fricative<v>andlongopencentralvowel<>pairoftheGermanwaltzisanunnatural
combinationtoEnglishspeakers,EuropeanorAmerican.Thus,somewhereinthetermsearly
historythat<v>becamethevoicedlabiovelarapproximant<w>,asByronnotesinreferenceto
his1812poemTheWaltz,cantyouseetheyrevaltzing?Orwaltzing(Iforgetwhich)
(Oxford).
Peculiarly,Tthroughoutthenextcenturyandahalf,theliteralsemanticuseofthewordis
nearlycemented,withitsfigurativeandcreativeetymologyflourishinginsteadfigurative.
wWaltzflourished,especiallyintheincisive,sociallyconsciousliteratureoftheVictorian
ageandAmericanRealistages.Forliteraryeffect,CharlesDickens,inhis1853BleakHouse,
likenstheellipticalorbitsofpoliticalofficialsaroundtheirleadertothedance:Weare
alwaysrevolvingabouttheLordChancellorandallhissatellites,andequitablywaltzing
ourselvesofftodustydeath,aboutCosts.Thenovelistswarpedhandlingofthequasitransitive
verbformofwaltzingisfarmorebitingthatColeridgesselfmockingtreatment,instead

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associatedingthearistocraticwaltzwithcareless,genteelignorance,afittingmoveforDickens,
everthesocialcritic.sociallyconsciousDickens.
PostDickens,thenewersemanticchangesapplicationsofwaltz(verb,noun,or
otherwise)inBritaingrewincreasinglyobscureandspecialized,asthesemanticterritory
(noun/verbconversions,substantiveembellishments)hadbeennearlychartedtoitslimits.For
one,thetwentiethcenturyscientificcommunity(oftheearlytwentiethcentury(suchasthe
Biometrikajournalin1904)adoptedthemetaphoricalwaltzerasametaphoricalmonikerfora
breedofdomesticatedmousepredisposedtorapid,roundmovements.withthehabitofspeedily
spinninground.Furthermore,a1958issueofBritishVogueestablishedthemetonymous
metonymicrelationshipbetweenageneralcalflengthgarmentandtheshortergownsnecessary
suitableforthesweepinglegmovementsrapidwhirlingofwaltzing((nNightgownswithlace
inwaltzlengthorswirlingtotheankles)(OED,waltz)..Mostpeculiarly,inthe,anew
fairgroundrideappearedinBritishliterature,theWaltzer,describedashavinganappropriate
nameforaningeniousmachine,wherespinningcarsthemselvesspinaboutanundulating
course.
TheAmericanmanipulationsofwaltzarerathercurious,fortheydevelopedcuriously,
generallydivorcedfromthehistoryofEuropeeslongstandingrelationshipanwiththedance
aristocracyanduproaroverthedanceitself.ThespiritofAmericanYankeeingenuitywentto
workonthetransatlanticversionofaGermanEnglishadaptation,whichinitsmigrspiritisa
ratherAmericanword.whatwas,inmanyways,asuitablyAmericanword,beinga
transatlanticversionofaGermanEnglishadaptation.Itisalsonoshockthatthesefreer,more
usesliberalusesveertowardscolloquialismsandslangterms.Forone,inhis1884comic

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picaresqueTheAdventuresofHuckleberryFinnAmericanRealistsatiristMarkTwainused
waltzironicallytoemphasizeaddedanironicdimensiontowaltz,toemphasizethesocial
culturalbackwardnessofHuckandhisGang.,ThegroupsleaderledbyTomSawyer,who
remarksthatonwishgrantinggeniesgeniesthattheyvehavegottowaltz[athatwishedfor]
palacearoundthecountrywhereveryouwantit.Thisrhetoricalmeiosisminimizesthe
comparativelyimposingverbstotransportandtotransferintoaninstantaneousmoresimple
action.,Iinkeepingwiththenotionofuneducated,imaginativesouthernchildren,.Dickens
quasitransitivewaltzingbecomesTwainsjocular,entirelytransitivewaltz,isplayfully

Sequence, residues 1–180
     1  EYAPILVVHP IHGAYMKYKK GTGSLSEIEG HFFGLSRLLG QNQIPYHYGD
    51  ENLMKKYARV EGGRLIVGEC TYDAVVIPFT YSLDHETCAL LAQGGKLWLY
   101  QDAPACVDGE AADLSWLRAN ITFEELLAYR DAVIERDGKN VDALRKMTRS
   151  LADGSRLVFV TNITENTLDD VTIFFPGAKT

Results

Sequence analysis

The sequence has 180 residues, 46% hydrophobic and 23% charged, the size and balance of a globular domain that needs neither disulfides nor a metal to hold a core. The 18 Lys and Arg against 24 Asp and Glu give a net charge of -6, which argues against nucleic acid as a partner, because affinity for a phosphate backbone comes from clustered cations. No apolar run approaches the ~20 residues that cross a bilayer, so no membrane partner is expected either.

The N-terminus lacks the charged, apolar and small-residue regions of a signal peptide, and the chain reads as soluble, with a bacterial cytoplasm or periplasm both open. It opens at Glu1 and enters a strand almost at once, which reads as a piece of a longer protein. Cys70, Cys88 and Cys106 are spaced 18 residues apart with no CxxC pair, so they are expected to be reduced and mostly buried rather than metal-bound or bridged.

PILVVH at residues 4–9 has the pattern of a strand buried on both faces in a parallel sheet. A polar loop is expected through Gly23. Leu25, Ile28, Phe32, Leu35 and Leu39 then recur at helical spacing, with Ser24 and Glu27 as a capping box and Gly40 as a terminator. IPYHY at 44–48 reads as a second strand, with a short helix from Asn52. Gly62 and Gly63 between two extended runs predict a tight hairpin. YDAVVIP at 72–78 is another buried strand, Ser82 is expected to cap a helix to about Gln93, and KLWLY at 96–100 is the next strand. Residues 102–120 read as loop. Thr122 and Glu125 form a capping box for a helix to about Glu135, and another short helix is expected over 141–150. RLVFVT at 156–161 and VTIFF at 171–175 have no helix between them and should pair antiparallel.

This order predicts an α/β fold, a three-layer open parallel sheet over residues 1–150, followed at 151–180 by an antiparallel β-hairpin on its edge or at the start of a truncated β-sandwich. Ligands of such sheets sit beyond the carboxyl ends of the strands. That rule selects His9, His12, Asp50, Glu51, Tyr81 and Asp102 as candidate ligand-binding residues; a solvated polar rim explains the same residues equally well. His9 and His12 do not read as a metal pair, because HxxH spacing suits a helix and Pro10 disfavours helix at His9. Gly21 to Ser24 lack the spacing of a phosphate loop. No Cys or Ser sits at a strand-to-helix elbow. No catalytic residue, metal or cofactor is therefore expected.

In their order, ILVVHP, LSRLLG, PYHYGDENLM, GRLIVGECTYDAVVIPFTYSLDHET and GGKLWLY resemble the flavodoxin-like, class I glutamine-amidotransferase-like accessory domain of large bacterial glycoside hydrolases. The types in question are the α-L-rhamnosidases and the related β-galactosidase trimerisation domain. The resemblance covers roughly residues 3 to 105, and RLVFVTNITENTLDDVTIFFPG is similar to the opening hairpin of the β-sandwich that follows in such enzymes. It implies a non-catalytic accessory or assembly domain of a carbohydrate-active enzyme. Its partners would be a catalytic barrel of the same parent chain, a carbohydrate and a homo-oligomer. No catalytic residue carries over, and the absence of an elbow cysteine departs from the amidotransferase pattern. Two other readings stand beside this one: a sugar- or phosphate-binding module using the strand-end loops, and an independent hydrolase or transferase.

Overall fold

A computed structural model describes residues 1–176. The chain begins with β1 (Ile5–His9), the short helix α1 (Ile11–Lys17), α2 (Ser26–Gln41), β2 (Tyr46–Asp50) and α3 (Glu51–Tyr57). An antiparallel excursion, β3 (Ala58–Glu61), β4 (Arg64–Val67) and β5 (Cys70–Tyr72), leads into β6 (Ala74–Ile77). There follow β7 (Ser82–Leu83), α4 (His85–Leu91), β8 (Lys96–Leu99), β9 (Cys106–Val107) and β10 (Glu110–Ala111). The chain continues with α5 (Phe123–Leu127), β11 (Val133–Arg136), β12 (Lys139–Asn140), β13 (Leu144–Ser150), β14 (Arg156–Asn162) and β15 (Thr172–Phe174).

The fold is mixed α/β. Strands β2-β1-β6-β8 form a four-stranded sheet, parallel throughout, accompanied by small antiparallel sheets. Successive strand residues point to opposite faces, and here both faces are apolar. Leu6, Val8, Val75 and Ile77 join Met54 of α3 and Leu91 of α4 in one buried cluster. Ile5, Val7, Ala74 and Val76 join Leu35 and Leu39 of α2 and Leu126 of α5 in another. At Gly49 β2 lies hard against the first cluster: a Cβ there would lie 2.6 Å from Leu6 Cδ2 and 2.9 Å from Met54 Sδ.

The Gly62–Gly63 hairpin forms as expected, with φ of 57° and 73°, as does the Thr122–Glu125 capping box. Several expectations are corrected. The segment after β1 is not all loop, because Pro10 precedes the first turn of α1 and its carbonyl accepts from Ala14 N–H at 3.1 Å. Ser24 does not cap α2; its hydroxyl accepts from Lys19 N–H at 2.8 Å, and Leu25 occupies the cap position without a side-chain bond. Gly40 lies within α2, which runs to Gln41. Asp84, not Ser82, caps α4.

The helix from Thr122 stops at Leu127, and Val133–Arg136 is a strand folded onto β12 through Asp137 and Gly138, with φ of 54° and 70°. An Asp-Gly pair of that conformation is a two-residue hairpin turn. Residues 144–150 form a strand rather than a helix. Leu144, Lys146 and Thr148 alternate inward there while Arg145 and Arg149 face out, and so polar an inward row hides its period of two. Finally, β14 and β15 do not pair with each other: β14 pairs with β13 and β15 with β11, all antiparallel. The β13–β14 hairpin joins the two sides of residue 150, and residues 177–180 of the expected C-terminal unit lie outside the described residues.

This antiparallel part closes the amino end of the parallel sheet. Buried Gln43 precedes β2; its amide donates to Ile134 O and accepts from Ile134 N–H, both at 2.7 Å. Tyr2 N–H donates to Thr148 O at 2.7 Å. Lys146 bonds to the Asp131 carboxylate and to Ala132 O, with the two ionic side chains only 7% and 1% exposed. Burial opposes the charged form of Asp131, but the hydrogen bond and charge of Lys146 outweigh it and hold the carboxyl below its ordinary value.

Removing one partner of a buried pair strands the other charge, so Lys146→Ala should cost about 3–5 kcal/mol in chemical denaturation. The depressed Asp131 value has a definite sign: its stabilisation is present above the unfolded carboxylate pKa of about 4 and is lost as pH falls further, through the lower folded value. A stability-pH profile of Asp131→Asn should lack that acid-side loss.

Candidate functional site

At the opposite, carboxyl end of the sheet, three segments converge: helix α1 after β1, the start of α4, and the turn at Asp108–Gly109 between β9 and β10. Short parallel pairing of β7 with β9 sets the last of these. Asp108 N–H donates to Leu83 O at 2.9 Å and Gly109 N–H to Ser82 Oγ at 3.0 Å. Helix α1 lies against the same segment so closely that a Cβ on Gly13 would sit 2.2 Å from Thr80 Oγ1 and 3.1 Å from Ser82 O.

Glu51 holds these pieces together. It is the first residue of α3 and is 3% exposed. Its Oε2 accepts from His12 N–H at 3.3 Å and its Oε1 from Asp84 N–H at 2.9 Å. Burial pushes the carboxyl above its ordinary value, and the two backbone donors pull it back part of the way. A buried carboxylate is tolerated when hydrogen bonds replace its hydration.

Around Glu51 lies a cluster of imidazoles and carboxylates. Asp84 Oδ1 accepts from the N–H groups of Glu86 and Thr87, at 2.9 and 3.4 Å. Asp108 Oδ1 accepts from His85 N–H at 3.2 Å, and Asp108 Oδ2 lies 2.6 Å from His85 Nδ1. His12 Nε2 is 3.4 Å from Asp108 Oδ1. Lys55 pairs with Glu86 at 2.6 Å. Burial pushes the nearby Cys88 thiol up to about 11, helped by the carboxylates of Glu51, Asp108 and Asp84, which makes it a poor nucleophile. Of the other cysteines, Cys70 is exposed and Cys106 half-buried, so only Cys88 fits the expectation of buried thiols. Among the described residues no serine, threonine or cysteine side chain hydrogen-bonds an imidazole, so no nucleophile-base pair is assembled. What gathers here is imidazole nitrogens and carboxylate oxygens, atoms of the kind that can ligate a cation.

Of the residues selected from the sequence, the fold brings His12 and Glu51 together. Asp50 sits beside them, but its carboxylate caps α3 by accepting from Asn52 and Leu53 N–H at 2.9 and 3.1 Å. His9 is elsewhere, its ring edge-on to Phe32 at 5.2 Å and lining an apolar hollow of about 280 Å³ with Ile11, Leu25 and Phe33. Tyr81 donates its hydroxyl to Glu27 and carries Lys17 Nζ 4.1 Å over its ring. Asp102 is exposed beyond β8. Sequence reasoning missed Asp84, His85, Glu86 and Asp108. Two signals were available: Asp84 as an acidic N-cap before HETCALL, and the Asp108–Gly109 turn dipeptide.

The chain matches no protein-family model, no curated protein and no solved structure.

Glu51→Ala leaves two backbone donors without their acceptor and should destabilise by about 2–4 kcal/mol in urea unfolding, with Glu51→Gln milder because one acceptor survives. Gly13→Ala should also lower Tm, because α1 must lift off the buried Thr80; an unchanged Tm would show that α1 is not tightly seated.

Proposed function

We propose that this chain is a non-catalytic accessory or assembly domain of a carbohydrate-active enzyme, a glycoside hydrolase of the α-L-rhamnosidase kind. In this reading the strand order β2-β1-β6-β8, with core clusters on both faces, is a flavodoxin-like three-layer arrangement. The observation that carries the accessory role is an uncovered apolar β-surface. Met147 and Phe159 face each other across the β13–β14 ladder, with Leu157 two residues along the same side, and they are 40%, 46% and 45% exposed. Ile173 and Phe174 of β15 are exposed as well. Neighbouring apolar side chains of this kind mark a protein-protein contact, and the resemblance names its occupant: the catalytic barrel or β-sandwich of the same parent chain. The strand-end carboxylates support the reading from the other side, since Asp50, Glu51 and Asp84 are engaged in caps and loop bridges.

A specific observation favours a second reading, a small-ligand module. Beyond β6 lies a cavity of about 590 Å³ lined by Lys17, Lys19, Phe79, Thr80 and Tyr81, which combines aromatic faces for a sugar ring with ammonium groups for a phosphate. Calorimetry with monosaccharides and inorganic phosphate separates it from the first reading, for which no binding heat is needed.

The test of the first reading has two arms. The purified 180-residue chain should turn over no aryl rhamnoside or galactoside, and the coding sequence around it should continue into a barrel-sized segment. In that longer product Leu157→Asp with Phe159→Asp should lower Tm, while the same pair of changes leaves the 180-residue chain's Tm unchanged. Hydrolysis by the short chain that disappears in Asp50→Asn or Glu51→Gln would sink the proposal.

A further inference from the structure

unconcerned.
TheonlyothernotablecolloquialuseoccurrednNearlyacenturylaterin1968,major
AmericanperiodicalTimeprintedwaltzasaslangterminreferencetoainthecontextof
gambling,namelyahorserace:ThoughDancereasedhimupattheend,NevelePridewonina
waltz.Thisformofwaltzascolloquialsubstantivelikelyexistedforyears,ifnotforafew
decades,priortothepopularacceptanceofthewordassuitableforanationalpublication..
Ultimately,Regrettably,fromthemidtwentiethcenturyonward,however,comethe
twentiethcentury,theoriginal,1781significanceofwaltz,theintimatetripletimedancewaltz,
slippedinpopularity,losinggroundfirsttodancessuchasthetango,foxtrot,andperformed
ballet..WideningintotheVienneseandothervarietiesinadditiontochangingtimes(2/4,6/8,
and5/4),thedanceitselflostitspurity(OED,waltz).Despiteitsrich,storiedsocialand
etymologicalpast,waltzanditsdevelopmentsseemprecioustothetwentyfirstcentury,savefor
itsstiff,ballroomcousinasport.,wherethewordappearsonlyinreferencetothestiff
interpretationfoundincompetitiveballroomdancing.Aswaltzsusagenarrows,soittoofades

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intoobsolescenceWaltzitselfsplit,intothemoretraditional,Viennesevarietyandintoothers,
performedindifferenttimes(2/4,6/8,and5/4,forexample)(Carner63).Despiteitsrich,storied
socialandetymologicalpast,waltzanditsdevelopmentsseemprecioustothetwentyfirst
century,wherethewordappearsonlyinreferencetothestiffinterpretationfoundincompetitive
ballroomdancing.Aswaltzsusagenarrows,soittoofadesintoobsolescence.

ENDPAPERWITHDISTINCTIONBETWEENWALTZES(VIENNESEAND
OTHERWISE)

WorksCited
Campbell,John,ed."PapersoftheTwiningFamily."Spectator60(1887):35758.Print.
Carner,Mosco.TheWaltz.London:M.Parrish,1948.Print.
Schrijver,Peter."TheHighGermanConsonantShiftandLanguageContact."Studiesin
SlavicandGeneralLinguistics38(2011):21749.Print.
Selwyn, David. Jane Austen and Leisure. London: Hambledon, 1999. Print.
"Waltz."Dictionary.com.Dictionary.com,2007.Web.22Sept.2012.
<http://dictionary.reference.com/browse/waltz>.

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"Waltz."OxfordEnglishDictionary.Ed.J.A.SimpsonandE.S.C.Weiner.2nded.Vol. 19.
NewYork:OxfordUP,1989.863.Print.